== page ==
I knew they looked different but was unaware of the functioning details. My Berdan experience has been shooting Blazer aluminum and South African 223 & 308. I collect all my brass for pals but do not give them Berdan-primed brass.

https://www.ammunitiontogo.com...r-vs-berdan-primers/


This actually is a very useful article. Explains the difference well.
 
Posts: 7 | Registered: March 13, 2018Reply With QuoteReport This Post
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Yeah, a recent article in Shooting Times covered both types. I’ve only seen a few with the older, foreign cases. I just trash them, see no reason to fiddle around with the ‘Berdan’ type.

As I recall, the Boxer type was European, Berdan USA? There were ahead of us on this one.
 
Posts: 3384 | Location: WI | Registered: February 29, 2012Reply With QuoteReport This Post
Freethinker
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Originally posted by sourdough44:
As I recall, the Boxer type was European, Berdan USA? There were ahead of us on this one.


Berdan type was invented by an American; Boxer by an Englishman.




“Most men … can seldom accept the simplest and most obvious truth if it … would oblige them to admit the falsity of conclusions … which they have woven, thread by thread, into the fabrics of their lives.”
— Leo Tolstoy
 
Posts: 38266 | Location: 10,150 Feet Above Sea Level in Colorado | Registered: April 04, 2002Reply With QuoteReport This Post
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I can't imagine why you'd bother to reload cases that took Berdan primers. Easier to just get the Boxer primed cases.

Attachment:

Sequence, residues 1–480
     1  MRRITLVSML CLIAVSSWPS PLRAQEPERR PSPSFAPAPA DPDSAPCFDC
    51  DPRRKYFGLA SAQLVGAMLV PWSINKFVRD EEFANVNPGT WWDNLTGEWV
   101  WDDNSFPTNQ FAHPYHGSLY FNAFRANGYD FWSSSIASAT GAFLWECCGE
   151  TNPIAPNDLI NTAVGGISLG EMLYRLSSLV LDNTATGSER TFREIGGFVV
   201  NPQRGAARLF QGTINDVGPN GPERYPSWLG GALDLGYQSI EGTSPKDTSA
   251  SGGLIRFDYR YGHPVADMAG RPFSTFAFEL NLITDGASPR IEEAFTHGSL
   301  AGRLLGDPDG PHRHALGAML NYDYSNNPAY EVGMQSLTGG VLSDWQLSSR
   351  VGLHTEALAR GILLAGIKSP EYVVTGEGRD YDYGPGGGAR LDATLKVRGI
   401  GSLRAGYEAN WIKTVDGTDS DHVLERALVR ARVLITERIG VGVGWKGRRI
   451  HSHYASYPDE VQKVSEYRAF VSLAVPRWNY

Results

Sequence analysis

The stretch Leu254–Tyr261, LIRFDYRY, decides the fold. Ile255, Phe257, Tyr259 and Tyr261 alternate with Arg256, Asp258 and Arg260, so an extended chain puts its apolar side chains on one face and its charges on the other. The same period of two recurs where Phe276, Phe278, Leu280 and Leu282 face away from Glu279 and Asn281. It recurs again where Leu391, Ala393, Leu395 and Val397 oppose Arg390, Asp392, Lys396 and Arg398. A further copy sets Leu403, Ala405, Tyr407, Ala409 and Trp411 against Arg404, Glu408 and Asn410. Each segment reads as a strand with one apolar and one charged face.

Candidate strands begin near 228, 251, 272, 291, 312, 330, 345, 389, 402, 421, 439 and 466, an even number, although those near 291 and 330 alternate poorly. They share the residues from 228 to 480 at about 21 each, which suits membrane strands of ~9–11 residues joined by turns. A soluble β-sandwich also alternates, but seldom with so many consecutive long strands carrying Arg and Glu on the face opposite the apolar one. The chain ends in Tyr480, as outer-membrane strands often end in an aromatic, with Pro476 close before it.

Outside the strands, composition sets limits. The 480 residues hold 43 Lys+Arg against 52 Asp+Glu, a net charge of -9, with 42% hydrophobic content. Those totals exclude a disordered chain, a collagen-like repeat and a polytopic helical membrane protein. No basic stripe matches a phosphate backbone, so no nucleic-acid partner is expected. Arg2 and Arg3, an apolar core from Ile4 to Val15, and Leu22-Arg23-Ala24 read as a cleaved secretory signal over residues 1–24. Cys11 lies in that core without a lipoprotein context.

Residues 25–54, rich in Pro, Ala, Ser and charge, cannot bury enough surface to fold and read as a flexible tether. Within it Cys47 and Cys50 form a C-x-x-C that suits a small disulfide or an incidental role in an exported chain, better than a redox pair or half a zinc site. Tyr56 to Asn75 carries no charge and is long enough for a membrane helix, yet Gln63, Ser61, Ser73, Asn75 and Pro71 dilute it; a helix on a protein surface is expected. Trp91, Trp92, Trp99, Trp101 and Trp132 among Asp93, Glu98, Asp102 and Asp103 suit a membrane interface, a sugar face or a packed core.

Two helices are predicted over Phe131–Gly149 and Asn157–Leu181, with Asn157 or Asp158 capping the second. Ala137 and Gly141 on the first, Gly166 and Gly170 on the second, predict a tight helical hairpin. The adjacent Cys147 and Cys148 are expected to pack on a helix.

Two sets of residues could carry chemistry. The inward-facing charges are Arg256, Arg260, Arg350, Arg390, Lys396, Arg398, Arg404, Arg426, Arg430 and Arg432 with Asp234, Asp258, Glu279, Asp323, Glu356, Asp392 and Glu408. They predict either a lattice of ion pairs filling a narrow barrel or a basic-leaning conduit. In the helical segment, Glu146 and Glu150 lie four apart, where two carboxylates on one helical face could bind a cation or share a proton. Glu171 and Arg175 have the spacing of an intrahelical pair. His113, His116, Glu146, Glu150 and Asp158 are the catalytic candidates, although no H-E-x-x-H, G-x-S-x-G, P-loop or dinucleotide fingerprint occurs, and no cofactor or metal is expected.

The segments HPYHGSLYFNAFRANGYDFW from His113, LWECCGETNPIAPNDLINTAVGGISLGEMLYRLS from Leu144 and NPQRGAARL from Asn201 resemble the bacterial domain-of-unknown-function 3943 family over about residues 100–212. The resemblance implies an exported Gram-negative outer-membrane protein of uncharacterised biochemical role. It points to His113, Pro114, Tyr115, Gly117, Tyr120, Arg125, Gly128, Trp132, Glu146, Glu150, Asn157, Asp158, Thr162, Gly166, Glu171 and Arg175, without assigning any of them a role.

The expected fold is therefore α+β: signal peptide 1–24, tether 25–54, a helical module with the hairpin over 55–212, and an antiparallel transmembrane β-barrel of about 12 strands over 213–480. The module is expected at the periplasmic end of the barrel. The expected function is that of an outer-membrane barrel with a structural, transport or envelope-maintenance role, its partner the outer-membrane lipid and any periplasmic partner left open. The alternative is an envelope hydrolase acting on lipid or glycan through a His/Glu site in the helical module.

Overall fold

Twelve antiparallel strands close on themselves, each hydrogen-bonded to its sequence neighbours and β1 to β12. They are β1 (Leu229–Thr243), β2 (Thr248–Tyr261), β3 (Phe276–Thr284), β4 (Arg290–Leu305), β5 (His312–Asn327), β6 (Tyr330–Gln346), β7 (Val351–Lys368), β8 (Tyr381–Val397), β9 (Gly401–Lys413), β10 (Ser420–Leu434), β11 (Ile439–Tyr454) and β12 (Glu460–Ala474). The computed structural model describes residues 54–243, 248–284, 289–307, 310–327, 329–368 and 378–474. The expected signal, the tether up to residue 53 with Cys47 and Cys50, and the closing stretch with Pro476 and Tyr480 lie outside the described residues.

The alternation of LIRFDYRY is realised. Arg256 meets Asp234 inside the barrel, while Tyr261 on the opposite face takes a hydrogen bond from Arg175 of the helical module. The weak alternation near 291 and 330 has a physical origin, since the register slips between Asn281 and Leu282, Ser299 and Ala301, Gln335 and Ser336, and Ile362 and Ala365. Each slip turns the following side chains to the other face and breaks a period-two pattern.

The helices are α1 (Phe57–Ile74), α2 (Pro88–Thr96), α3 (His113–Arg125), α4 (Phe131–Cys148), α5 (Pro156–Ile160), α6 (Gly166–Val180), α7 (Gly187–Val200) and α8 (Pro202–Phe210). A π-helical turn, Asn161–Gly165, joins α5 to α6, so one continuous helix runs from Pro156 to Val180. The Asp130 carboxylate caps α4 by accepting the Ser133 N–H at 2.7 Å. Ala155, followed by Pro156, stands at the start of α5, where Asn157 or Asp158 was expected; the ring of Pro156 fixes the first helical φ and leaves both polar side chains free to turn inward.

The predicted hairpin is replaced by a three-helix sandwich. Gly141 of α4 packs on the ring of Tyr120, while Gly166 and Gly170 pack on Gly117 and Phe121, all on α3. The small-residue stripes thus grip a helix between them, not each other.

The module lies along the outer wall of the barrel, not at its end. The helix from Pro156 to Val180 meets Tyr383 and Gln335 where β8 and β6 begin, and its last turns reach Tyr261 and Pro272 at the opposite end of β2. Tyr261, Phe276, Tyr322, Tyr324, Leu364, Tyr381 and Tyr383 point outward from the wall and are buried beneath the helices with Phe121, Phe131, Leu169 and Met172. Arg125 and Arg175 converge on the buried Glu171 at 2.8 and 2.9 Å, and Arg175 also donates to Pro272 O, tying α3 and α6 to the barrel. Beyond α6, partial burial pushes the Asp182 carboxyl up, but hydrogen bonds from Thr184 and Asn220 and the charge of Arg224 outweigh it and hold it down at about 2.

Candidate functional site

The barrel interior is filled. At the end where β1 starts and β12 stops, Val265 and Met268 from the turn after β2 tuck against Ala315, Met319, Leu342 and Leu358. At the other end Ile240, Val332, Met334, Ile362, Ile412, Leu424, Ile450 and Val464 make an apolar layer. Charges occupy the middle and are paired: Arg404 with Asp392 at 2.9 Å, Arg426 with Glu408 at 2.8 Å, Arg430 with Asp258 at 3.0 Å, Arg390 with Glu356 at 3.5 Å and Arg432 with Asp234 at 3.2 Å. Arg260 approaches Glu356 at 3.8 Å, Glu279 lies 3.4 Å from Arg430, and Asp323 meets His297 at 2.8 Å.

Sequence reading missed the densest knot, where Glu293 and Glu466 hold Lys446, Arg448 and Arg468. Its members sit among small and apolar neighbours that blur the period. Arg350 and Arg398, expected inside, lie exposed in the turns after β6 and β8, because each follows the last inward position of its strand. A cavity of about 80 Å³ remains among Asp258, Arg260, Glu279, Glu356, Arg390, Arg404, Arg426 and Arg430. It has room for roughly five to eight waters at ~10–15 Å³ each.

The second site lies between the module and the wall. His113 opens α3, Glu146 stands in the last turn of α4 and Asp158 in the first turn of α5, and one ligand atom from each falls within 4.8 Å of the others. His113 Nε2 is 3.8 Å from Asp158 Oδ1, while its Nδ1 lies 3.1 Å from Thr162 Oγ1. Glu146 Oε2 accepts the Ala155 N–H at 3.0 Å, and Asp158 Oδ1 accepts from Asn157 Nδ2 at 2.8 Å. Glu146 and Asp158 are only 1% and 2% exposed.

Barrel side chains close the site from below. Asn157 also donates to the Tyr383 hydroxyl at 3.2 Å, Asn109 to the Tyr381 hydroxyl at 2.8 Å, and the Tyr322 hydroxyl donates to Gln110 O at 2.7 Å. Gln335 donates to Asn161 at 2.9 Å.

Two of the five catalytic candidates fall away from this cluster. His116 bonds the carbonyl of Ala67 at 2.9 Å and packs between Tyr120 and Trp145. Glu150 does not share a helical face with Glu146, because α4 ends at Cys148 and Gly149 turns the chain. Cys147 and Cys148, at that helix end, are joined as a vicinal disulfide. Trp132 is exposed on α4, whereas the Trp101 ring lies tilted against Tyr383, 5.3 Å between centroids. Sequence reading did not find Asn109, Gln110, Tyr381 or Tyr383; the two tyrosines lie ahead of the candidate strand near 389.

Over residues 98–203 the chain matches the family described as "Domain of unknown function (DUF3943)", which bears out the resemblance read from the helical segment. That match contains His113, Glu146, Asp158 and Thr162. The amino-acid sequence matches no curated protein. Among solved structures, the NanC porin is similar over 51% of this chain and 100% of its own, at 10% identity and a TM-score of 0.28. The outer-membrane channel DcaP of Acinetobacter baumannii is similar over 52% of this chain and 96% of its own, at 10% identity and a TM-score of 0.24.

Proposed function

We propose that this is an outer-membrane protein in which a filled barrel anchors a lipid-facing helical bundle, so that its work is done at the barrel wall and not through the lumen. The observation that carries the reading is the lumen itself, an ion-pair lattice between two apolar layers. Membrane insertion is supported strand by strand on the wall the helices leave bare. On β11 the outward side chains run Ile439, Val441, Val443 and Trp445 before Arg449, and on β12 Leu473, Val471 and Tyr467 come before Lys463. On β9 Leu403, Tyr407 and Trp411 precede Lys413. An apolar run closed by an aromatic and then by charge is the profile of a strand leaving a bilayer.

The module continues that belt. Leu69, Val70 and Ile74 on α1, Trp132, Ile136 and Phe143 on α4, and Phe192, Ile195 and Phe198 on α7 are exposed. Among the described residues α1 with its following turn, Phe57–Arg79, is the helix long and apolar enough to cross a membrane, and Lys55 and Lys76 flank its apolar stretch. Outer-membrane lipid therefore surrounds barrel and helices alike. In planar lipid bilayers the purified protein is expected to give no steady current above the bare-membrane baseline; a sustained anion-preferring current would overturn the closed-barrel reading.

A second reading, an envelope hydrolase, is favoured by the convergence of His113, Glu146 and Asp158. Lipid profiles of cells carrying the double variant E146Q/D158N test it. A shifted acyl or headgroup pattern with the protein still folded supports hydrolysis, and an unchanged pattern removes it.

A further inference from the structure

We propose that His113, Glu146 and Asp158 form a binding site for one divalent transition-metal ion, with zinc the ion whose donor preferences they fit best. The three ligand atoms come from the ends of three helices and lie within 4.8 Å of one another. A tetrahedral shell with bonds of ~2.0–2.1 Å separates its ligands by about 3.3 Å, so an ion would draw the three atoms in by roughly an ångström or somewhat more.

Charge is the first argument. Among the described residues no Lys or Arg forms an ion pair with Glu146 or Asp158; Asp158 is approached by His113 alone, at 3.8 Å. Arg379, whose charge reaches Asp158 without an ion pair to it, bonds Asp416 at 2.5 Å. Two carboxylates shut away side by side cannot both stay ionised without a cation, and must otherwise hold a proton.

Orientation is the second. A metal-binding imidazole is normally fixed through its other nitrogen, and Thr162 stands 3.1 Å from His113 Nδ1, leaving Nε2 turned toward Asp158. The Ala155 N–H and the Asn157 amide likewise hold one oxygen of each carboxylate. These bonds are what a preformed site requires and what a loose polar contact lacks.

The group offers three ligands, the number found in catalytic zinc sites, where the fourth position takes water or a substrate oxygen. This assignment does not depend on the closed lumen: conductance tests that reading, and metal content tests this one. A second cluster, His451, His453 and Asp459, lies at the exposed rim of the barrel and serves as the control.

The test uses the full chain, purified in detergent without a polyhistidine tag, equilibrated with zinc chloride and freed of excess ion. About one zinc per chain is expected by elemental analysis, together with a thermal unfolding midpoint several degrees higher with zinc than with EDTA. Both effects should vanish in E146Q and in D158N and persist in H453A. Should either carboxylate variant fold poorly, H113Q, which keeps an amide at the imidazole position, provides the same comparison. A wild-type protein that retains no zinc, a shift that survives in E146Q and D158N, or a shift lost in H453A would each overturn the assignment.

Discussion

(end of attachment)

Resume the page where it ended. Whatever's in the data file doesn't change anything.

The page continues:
Maybe there is some old oddball out there for which Boxer cases can't be had.

I don't think Berdan primed cases were designed to make reloading harder, it is just a by-product of the method. Berdan invented his system just a few years before Boxer invented his. They are just different designs. Berdan primers are easier to make because they don't have a separate anvil in the primer (and are essentially just like percussion caps). But Boxer cases are easier to make since you don't have to build the anvil into the case.




The fish is mute, expressionless. The fish doesn't think because the fish knows everything.
 
Posts: 45856 | Location: Texas | Registered: February 10, 2004Reply With QuoteReport This Post
Muzzle flash
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Theoretically, Berdan primers offer a less obstructed path for the primer flame into the case than is true for the Boxer primers. I don't think anyone really thinks much about it, though.

flashguy




Texan by choice, not accident of birth

When they ask me, "Paper or plastic?" I just say, "Doesn't matter to me. I am bi-sacksual."
 
Posts: 20099 | Location: Dallas, TX | Registered: May 08, 2006Reply With QuoteReport This Post